Australia, defence, foreign policy, security, strategy, Strategic and Defence Studies Centre, China, Asia, United States, alliances

Xi’s fine words cannot camouflage Beijing’s aggression

At this week’s meeting of the World Economic Forum in Davos, China’s President Xi Jinping warned the world of the risk of a new cold war.

No matter who wins the US election, the alliance will be the keystone of our defence planning

No matter who is elected United States president, the alliance between our two nations remains the wellspring of our security. This is because — contrary to the views of so many Australian commentators — the ADF is not a credible military force without our close defence relationship with Washington.

Centre of Gravity Series: American Foreign Policy and the 2020 Presidential Election

With less than three weeks until the 2020 United States Presidential Election, Professor Bruce Jentleson examines foreign policy issues that may bear significantly on the outcome.

Is Australia ready for regional conflict?

It has become fashionable to speculate about the risk of a coming war between China and America.

Taiwan could force us into an ANZUS-busting choice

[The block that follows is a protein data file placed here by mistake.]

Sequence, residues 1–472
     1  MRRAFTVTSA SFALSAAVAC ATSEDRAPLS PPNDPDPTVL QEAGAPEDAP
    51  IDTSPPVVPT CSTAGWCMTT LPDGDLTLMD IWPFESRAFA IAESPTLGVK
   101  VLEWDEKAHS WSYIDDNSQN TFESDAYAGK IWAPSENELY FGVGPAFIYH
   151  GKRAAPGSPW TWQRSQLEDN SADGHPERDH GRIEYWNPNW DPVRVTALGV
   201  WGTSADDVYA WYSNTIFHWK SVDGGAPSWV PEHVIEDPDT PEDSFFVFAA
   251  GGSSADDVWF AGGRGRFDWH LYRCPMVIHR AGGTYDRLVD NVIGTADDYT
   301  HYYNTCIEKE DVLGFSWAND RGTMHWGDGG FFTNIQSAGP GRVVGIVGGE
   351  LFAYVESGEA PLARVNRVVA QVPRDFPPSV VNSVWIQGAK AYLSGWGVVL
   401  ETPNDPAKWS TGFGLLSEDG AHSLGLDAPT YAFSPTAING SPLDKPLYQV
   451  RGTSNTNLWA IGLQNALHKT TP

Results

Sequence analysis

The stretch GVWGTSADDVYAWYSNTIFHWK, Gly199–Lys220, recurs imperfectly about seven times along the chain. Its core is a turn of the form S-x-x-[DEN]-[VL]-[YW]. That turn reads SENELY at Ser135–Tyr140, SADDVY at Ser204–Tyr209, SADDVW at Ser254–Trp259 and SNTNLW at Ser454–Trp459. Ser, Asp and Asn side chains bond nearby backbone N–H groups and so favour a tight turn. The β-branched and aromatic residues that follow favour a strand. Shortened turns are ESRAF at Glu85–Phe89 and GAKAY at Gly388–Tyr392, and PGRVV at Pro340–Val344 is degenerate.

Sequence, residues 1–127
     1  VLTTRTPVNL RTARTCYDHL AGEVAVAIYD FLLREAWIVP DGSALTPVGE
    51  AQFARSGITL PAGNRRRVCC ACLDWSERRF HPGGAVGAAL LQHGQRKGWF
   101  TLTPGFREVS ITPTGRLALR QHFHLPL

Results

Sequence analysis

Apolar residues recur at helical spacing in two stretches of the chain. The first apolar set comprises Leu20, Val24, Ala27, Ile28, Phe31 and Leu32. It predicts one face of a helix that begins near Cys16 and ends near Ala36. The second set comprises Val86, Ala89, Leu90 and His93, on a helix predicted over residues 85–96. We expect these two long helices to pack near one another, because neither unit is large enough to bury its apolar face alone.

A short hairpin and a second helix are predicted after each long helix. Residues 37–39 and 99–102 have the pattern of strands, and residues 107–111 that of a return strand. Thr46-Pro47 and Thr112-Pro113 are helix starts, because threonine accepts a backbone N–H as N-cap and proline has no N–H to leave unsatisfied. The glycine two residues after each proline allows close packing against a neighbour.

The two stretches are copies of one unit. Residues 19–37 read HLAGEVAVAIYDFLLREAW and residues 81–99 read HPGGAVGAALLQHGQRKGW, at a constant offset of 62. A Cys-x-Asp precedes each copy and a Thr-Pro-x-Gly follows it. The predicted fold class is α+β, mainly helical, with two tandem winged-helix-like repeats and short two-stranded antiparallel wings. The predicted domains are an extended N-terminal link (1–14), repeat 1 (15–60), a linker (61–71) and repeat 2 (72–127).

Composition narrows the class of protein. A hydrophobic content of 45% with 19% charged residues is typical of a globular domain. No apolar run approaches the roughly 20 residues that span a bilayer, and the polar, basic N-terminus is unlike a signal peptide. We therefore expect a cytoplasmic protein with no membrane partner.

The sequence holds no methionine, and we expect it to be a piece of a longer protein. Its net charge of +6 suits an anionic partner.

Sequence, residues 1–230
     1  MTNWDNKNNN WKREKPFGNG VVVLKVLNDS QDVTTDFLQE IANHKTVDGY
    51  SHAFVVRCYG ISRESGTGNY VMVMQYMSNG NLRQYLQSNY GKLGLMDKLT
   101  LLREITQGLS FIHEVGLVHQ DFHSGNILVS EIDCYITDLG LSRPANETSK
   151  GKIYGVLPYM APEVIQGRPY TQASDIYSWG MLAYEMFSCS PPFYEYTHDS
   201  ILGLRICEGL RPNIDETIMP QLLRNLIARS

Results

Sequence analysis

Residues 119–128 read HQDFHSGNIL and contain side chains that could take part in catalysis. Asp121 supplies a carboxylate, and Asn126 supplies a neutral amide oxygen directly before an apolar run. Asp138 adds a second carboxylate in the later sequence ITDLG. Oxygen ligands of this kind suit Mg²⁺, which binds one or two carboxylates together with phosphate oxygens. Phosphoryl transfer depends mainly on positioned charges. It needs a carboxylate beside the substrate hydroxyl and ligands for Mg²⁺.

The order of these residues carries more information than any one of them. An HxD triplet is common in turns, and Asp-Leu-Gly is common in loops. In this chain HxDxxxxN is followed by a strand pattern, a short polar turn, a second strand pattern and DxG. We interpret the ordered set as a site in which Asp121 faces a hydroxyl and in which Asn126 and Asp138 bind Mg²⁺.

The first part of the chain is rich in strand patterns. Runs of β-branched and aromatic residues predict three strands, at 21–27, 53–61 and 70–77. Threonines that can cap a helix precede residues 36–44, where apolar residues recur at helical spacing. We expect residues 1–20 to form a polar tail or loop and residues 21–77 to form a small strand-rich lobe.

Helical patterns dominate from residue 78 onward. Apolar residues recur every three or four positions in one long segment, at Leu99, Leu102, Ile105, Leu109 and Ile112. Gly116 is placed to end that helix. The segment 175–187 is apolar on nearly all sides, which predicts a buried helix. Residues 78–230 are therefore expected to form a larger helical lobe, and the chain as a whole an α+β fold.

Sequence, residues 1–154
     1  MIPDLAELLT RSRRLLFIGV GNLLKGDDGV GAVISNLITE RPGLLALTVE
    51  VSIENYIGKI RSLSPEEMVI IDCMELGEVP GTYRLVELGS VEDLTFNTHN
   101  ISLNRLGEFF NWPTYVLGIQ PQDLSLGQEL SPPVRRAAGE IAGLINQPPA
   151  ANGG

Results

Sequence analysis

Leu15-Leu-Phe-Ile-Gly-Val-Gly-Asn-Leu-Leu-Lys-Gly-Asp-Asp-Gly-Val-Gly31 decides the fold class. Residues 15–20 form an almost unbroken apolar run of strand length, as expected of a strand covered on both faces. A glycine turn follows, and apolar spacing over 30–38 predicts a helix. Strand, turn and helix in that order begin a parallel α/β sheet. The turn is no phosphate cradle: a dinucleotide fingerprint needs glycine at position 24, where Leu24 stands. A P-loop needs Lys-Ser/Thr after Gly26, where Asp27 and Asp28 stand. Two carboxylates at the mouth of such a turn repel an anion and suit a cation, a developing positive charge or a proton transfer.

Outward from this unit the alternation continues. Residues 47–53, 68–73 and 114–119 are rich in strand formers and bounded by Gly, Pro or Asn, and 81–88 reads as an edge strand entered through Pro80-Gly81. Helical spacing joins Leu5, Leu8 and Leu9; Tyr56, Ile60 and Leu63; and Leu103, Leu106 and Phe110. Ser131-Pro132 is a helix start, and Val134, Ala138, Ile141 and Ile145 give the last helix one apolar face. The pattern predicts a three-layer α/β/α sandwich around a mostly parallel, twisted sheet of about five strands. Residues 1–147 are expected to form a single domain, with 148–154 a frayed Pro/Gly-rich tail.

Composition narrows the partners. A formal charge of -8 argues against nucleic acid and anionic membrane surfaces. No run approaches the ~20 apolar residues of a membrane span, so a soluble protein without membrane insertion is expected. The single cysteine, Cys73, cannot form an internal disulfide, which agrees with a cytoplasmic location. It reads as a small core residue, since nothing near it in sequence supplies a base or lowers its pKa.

This article was written by Paul Dibb, emeritus professor from the Strategic and Defence Stuudies Centre and a former deputy secretary of defence.

Payne sensibly says no to Pompeo's coalition of the willing

AUSMIN Australia has avoided signing up to some new ‘coalition of the willing’. But big questions about our strategic future still await answers.

It’s one thing to build war fighting capability, it’s another to build industrial capability

Graeme Dunk, Strategic and Defence Studies Centre PhD Candidate, discusses the $270 billion upgrade the defence force.

Scott Morrison is right: we need to protect ourselves

Paul Dibb from our Department of Strategic and Defence Studies Centre and the principal author of the 1987 Defence White Paper discusses the significance of this pivot in a much more pessimistic world.

Common wealth? The state of Australian foreign policy

Dr Andrew Carr from our Strategic and Defence Studies Centre discusses the need to understand the role of State Government's in shaping Australia's position in the world.

The illusion of a middle power moment

To be a middle power requires a modest disbelief in power. These states take their medium-sized resources and direct them towards big objectives. This may be reactive, searching for self-preservation in the face of a hostile larger power. It might also be proactive, trying to shape institutions and norms to build a more hospitable environment.

Pages

Updated:  25 October 2021/Responsible Officer:  Bell School Marketing Team/Page Contact:  CAP Web Team